2. http://www.hotelosmolinos.com/?epirew=agendamiento-de-citas-por-internet-iess&d84=c0 DeMerit and Onyewu are good enough. Actually, I think they’re better than good enough, with a healthy Spector spot-marking and chasing when necessary. That is a decent threesome to build around at the back, although I do suspect that DeMerit’s hard tackling style may attract some yellow or red paper from a sensitive referee at some point. While Bocanegra is still satisfactory, I don’t know that he still has the pace and skill to press forward AND get back to cover, which should be possible with the other three locking up the back. I’d like to see more push from the back at his position, and the US has players to do it. Schellas Hyndman has been misusing Drew Moor at FCDallas for half a season now, but Moor has shown himself to be able to get forward and finish when called upon, so perhaps the shambolic club coaching will benefit the USMNT. Not to mention about 12 others that could get a run during the Gold Cup.
3. festival rencontre et racine 2014 Altidore will be good, but he needs more seasoning. I don’t know if his early departures were conditioning-related or just Bob Bradley overthinking things, but Altidore’s play off the ball resembled a tired person. His movement with the ball was good, and he showed that he can hold up the front sufficiently, but every run without the ball was a post pattern toward the middle rather than occasionally moving out to create width. This left the midfielders to thread a needle, slow down to get wide themselves, or hold the ball too long. I think that more club playing time will expand Altidore’s repertoire and improve his fitness, and then his full talent will be realized. For now, I think Kenny Cooper is a better fit when healthy, perhaps with Altidore substituting for him later in the game. More importantly, though, I think that Altidore/Cooper/Davies is a viable rotation up front, especially if a fourth can be found without moving Donovan or Dempsey forward.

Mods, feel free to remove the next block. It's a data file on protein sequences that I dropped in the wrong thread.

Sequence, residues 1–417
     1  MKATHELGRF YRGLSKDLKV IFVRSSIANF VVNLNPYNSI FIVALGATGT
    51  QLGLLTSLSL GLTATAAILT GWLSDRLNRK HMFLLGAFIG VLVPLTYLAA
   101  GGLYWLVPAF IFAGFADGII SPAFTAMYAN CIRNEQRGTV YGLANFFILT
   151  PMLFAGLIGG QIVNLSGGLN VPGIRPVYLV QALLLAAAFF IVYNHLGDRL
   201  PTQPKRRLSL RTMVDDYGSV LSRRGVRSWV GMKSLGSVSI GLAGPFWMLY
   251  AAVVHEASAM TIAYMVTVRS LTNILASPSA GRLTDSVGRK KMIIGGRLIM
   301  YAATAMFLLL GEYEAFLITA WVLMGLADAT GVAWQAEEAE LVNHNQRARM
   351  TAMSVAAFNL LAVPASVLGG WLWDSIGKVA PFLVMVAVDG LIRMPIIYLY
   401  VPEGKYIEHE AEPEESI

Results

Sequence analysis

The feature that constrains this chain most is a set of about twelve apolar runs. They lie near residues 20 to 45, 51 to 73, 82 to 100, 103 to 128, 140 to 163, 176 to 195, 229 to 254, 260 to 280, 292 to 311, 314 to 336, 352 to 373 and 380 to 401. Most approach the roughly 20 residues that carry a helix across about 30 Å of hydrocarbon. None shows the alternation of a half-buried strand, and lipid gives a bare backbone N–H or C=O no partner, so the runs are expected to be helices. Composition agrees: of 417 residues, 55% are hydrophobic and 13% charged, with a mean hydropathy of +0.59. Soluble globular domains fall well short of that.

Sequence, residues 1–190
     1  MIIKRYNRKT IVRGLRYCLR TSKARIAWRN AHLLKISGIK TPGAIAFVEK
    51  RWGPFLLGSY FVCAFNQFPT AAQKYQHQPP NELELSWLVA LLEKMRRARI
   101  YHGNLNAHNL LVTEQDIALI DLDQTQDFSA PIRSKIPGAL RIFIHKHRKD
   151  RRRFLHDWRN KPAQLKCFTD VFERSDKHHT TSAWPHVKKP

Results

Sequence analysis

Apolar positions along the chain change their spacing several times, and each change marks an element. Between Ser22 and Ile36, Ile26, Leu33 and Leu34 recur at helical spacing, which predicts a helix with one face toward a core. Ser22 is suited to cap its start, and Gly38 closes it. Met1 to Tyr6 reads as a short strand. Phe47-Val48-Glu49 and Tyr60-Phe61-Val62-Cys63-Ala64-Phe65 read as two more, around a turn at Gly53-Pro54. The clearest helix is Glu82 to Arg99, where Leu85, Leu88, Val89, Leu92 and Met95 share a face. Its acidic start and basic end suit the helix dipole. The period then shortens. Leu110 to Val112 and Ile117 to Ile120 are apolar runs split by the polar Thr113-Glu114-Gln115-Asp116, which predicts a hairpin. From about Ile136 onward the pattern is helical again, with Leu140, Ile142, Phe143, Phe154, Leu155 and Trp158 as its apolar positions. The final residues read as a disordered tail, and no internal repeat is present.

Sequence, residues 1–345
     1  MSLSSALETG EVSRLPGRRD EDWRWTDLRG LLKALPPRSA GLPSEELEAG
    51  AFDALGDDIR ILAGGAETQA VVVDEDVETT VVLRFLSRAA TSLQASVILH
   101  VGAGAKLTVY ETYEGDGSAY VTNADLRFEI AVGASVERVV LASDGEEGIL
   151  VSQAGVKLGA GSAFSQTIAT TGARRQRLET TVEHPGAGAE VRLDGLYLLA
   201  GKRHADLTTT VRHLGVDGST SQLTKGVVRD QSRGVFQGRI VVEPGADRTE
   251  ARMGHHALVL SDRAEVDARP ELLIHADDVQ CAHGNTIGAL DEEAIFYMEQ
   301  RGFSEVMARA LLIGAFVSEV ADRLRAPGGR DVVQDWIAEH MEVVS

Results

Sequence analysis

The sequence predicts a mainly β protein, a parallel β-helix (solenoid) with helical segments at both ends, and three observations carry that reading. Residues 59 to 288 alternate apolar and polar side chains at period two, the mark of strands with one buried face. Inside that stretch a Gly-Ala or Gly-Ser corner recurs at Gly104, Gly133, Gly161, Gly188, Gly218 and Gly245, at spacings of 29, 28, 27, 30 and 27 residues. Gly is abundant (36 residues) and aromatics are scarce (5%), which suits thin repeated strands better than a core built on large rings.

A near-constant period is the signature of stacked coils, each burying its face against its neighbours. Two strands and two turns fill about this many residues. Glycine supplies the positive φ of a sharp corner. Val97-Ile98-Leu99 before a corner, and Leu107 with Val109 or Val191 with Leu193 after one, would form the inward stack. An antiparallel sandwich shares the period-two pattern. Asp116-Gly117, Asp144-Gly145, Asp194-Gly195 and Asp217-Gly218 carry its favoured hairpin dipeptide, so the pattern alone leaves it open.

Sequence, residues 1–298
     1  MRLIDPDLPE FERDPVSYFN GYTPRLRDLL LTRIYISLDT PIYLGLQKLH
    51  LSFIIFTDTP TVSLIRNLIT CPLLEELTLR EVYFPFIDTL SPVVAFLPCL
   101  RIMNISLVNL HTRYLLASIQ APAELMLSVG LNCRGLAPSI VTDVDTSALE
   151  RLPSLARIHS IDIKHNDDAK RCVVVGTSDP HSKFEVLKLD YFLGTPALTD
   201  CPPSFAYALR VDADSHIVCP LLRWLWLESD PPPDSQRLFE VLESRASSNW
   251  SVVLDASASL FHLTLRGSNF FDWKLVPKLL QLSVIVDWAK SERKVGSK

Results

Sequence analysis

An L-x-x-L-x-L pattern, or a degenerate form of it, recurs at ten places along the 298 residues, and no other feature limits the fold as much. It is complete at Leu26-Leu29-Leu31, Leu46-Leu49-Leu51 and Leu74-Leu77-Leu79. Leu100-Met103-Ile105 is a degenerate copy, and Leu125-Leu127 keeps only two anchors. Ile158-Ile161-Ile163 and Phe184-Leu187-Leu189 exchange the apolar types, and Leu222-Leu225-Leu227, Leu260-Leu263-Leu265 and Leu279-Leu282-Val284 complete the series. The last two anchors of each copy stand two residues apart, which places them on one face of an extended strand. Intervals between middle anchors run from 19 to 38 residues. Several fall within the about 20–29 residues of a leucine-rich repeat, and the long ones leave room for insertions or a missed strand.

4. watch avis - Con anyoption il trading di opzioni binarie scopre un nuovo livello! I trader potranno approfittare di straordinari strumenti di Kljestan and Beasley should not appear again for the USMNT. And I wouldn’t pay full price for a Ricardo Clark replica jersey either. However, MBradley played pretty well in a holding midfield role, and I’m optimistic about Feilhaber. Further, the sudden bout of patriotism by our new German American midfielder will lock up the middle nicely. Donovan and Dempsey remain as solid wide playmakers. And this is all without mentioning Adu and Torres, either of whom could star in the next administration’s squad.
5. http://katietraxler.com/?vuiowew=site-de-rencontre-adolescent-974&a4a=32 JP Dellacamera needs a new phrase to replace “…changes EVERYTHING.” My unofficial count was 7 things, either real or hypothetical, that did or would “change EVERYTHING.” It’s not quite onionbag annoying, but it’s not good either.
6. While reaching the final has undoubtedly spiked interest in this beautiful game, I can’t help but wonder how many more people would be aware of or care about the game at Mexico on August 12 if ESPN/ABC/Disney had aired Sunday’s game on ABC instead of running paid programming. During the summer months, supposed “niche” sports like soccer in America need to strike big, and this tournament is as big as the USMNT is going to swing. Woulda been nice for it to be on in more homes. Frankly, I think it would change EVERYTHING.